Demi Lovato’s ridiculously privileged crusade against a frozen yogurt shop

D.despite the litany of social media controversies involving A-list celebrities against journalists, television writers, and non-celebrity users – and the accompanying discourse on these power dynamics – celebrities continue to exert their influence in irresponsible ways for the most nonsensical complaints.

The latter is an incident involving Demi Lovato and a popular Los Angeles frozen yogurt shop called The Bigg Chill. After calling the company on its Instagram on Sunday to show and sell sugar-free cookies and other diet foods, the former Disney star explains her role in the dramatic saga after receiving backlash online.

“I ended up in a situation that didn’t suit me,” Lovato said in an Instagram video on Monday. ‘My intuition told me to talk about this, so I did. And I feel good about that. What I don’t feel good about is part of the way it has been interpreted and how the message has been misinterpreted. “

The incident, which happened quite quickly, started with a few paragraphs Lovato posted on her Instagram stories the company’s ‘harmful messages’ and enabled ‘disordered eating’.

“I find it extremely difficult to order Froyo from @TheBiggChillOfficial when you have to walk past tons of sugar-free cookies / other diet foods before you get to the counter,” Lovato wrote along with the hashtag #dietculturevulture. “PLEASE DO.”

The “Dancing With The Dark” singer also posted a direct exchange of messages between her and The Bigg Chill’s Instagram account in which the store claims they are “not diet culture buffs” and apologized for insulting her. The store also defended itself on their Instagram Stories, tagging Lovato and writing, “We have items for diabetics, celiac, vegan and, of course, lots of indulgent items.”

Still, Lovato refused to give in to this reasoning, letting the company know their service was’ terrible ‘and explaining that eating disorders are the second deadliest mental illness’ to opiod [sic] overdoses. Later, presumably after the singer received some criticism on social media, she suggested that the company label their snacks as intended for people with dietary restrictions and vegans so as not to ‘exclude one audience by targeting others’.

While the singer’s claim that seeing the store’s diet options triggered her much-discussed struggle with bulimia clearly cannot be disputed, Lovato received allegations on social media that her call to women’s small business was not just impulsive and uninformed, but also irresponsible given her aggressive online fan base that has sent death threats to individuals that Lovato has objected to in the past.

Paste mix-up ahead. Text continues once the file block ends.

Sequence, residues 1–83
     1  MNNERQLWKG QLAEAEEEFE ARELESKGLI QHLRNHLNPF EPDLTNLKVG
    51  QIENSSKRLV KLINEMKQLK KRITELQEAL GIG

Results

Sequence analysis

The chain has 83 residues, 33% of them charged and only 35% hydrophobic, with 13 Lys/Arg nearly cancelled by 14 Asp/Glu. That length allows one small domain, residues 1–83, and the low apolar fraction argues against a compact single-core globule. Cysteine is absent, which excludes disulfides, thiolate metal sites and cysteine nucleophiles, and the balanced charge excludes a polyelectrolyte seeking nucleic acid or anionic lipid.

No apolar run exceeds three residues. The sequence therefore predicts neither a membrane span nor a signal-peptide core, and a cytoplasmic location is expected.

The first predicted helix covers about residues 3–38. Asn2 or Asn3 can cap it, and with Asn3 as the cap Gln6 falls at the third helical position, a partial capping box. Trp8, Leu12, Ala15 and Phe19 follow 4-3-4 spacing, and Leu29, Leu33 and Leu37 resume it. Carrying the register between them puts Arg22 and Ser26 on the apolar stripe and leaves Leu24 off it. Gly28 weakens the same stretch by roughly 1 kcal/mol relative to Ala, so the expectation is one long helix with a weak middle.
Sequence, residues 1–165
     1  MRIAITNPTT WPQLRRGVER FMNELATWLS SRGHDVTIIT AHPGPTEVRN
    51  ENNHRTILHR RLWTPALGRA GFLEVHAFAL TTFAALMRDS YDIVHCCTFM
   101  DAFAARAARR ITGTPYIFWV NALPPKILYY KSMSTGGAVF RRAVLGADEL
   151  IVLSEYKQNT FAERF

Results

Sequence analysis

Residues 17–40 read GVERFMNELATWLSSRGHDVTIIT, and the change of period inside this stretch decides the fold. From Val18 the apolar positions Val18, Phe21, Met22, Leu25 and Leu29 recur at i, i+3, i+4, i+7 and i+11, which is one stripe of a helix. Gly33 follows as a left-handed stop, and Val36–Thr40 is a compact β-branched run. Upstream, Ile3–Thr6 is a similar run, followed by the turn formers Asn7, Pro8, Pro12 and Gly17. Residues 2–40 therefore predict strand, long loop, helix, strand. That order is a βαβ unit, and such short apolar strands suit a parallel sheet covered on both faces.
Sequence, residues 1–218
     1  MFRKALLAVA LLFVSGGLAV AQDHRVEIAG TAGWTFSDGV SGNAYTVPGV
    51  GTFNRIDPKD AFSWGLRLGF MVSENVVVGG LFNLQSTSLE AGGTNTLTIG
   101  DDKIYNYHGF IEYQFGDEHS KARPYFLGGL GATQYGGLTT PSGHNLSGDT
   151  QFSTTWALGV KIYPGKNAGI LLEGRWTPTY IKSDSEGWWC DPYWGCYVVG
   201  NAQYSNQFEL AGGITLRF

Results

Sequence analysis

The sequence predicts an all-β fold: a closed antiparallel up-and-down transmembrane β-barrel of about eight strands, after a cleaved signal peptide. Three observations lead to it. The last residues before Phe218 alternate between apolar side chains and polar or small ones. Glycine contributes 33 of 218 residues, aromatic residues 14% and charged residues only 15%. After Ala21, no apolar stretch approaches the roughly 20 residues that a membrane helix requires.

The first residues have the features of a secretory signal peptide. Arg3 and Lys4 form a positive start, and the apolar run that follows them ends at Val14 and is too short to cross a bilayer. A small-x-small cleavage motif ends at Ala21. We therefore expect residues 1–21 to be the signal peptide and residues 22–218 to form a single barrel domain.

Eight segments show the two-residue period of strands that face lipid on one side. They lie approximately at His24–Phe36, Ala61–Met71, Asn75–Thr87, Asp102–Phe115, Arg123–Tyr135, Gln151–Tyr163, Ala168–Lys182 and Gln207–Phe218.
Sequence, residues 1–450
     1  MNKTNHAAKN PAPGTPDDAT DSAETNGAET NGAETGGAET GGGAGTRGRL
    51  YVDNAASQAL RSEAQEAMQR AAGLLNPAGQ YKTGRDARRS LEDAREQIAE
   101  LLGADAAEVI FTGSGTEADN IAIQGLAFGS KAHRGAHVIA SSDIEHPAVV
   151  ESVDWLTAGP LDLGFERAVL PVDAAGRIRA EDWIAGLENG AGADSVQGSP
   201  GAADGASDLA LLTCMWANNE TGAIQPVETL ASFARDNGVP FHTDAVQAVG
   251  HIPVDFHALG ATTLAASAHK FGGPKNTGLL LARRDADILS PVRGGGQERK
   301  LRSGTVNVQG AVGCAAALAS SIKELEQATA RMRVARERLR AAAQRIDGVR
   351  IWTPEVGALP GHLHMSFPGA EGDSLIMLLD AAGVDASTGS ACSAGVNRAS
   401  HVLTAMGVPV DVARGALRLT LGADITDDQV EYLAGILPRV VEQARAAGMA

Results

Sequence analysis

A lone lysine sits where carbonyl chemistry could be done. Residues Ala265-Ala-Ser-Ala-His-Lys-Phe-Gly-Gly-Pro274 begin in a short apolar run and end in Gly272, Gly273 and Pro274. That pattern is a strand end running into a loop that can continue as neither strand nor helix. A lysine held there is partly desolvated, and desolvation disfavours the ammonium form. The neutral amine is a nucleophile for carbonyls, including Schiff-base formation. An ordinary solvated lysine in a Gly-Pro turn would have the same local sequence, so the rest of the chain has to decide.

This phenomenon – which is ubiquitous in most standard communities of major pop stars – is actually something Lovato has addressed and condemned several times, unlike many of her famous colleagues, including Taylor Swift, who recently Ginny & Georgia actress Antonia Gentry goes online hating after publicly complaining about the subject of a joke on the show, and Justin Bieber and Ariana Grande, who shouted Daily pop host Morgan Stewart and ‘bloggers’ in general on social media after she was first accused of lip syncing in 2019. In 2014, Lovato wrote a lengthy post instructing her ‘Lovatics’ to stop sending death threats to comedian Kathy Griffin after she someone had responded asking her who the “biggest celebrity shower” was on social media with her name. (A year later, in an interview with Ryan Seacrest, Griffin claimed law enforcement officials should be involved.)

Most recently, Lovato addressed the issue in an illuminating way in her YouTube documentary series Demi Lovato: Dancing with the devil which premiered in March. In the third episode, her boyfriend and former creative director Dani Vitale revealed that she received thousands of hateful messages and death threats every day after fans accused her of giving her Lovato drugs before she suffered a near-fatal overdose in 2018. Lovato acknowledged that while she has “great” fans, they can “get out of line” and “don’t always have all the information.”